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Researchers are driving tumor cells to suicide
In addition to heart disease, cancer is the most common cause of death. Treating cancer is particularly difficult when metastases form. This could change soon because an American research team reports a major breakthrough in cancer research. The researchers have apparently discovered an Achilles heel in the cancer cells that can be used to drive the cells to commit suicide.
Scientists at the Perelman School of Medicine discovered a way for tumor cells to self-destruct. They found out in a study that cancer cells produce too much protein and eventually die when a certain protein called ATF4 is blocked. These findings could pave the way for a completely new approach to fighting cancer. The research results were recently presented in the journal Nature Cell Biology.
Genetic research shows new path in cancer treatment
The current research work focuses on the MYC gene. It has been known for years that this gene contributes significantly to uncontrolled tumor growth if it mutates. For this reason, MYC has been assigned a key role in cancer control in several studies. Previous studies have attempted to block the signaling pathways of this gene to stop tumor growth. The Pennsylvania team now found an earlier approach that resulted in the cells killing themselves.
Chain reaction fires tumor growth
MYC is a gene that normally controls cell growth. If it mutates in the context of cancer, it triggers a veritable chain reaction, which leads to uncontrolled growth of cancer cells. Since no way has been found to manipulate the gene directly, previous research was limited to interrupting the chain reaction. However, since the gene controls several processes at the same time, this approach proved to be ineffective.
No more escaping
This is where Constantinos Koumenis' team started. They found an earlier point of attack that suppresses all processes at the same time. This was done by blocking a protein called ATF4 that is involved in all processes of the gene. "We learned that we have to start further downstream to block tumor growth so that cancer cells cannot escape the blockage," explains the study leader.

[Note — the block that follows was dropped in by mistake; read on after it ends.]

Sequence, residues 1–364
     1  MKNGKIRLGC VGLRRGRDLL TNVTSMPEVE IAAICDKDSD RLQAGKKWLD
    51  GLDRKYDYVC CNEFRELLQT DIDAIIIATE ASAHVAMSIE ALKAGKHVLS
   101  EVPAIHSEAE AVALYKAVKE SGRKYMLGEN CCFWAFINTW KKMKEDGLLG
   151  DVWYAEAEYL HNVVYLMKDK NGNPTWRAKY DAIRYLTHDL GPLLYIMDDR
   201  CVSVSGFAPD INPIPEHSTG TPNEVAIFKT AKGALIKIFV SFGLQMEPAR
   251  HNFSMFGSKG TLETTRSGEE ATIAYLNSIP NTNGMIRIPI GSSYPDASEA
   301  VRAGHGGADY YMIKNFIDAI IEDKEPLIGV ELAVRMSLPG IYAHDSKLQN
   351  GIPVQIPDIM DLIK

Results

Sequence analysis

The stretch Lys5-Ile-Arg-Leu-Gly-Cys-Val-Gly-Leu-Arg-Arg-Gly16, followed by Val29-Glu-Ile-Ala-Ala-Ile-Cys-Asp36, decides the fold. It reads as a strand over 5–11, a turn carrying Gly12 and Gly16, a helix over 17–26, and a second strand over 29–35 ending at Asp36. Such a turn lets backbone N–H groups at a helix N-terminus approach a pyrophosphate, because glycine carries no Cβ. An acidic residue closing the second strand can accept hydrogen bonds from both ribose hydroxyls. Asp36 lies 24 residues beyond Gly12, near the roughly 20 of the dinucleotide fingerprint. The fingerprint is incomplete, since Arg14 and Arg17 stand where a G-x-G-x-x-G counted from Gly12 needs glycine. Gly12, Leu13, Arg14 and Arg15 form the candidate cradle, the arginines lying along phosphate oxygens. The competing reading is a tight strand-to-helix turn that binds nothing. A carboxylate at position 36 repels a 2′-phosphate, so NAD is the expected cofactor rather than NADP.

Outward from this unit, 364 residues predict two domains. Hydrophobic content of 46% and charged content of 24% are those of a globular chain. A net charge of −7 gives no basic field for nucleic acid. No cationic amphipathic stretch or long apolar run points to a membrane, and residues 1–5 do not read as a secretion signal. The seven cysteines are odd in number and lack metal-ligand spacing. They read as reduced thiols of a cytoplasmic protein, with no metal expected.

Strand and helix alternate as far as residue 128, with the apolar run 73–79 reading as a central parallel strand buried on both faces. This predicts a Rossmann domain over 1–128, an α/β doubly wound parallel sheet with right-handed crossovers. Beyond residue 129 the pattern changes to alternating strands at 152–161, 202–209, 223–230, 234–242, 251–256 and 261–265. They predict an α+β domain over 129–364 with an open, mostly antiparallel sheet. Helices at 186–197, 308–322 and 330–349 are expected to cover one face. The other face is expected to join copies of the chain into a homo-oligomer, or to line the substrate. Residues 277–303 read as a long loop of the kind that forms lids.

Is the ATF4 protein the cancer cell Achilles heel?
The research team showed that all signaling pathways of the MYC gene converge on the ATF4 protein. The researchers also recognized that ATF4 activates certain genes that tumors need to grow. The protein also controls the production of other proteins (4E-BP) that are vital for cancer cells to survive.
Cancer cells kill themselves
To test the potential for cancer therapy, the team blocked the ATF4 protein in mice with lymphoma and colon cancer. As a result, the tumor cells continued to produce uncontrolled 4E-BP proteins, but were unable to process them further. The overproduction triggered a stress reaction in the cancer cells, which ultimately led to the death of the cell. This stopped the progression of the cancer in the mice.
Does this also work for people?
Initial tests have already confirmed that ATF4 blocking triggers the same reactions in human tumor cells. This is an indication that this approach could actually be used for cancer therapy. However, it is still unclear what side effects the ATF4 blocking triggers in humans. "We are already working on confirming that this approach will not cause serious side effects," emphasizes the lead author of the Feven Tameire study. In further studies, the ATF4 function will now be examined in more detail in order to develop a new treatment for cancer. (vb)
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Author and source information
This text corresponds to the specifications of the medical literature, medical guidelines and current studies and has been checked by medical doctors.
Graduate editor (FH) Volker Blasek
- Perelman School of Medicine: Researchers Identify New Way to Make Cancer Self Destruct (accessed: July 18, 2019), pennmedicine.org
- Tameire, Feven / Verginadis, Ioannis I. / Koumenis, Constantinos / u.a .: ATF4 couples MYC-dependent translational activity to bioenergetic demands during tumor progression, Nature Cell Biology, 2019, nature.com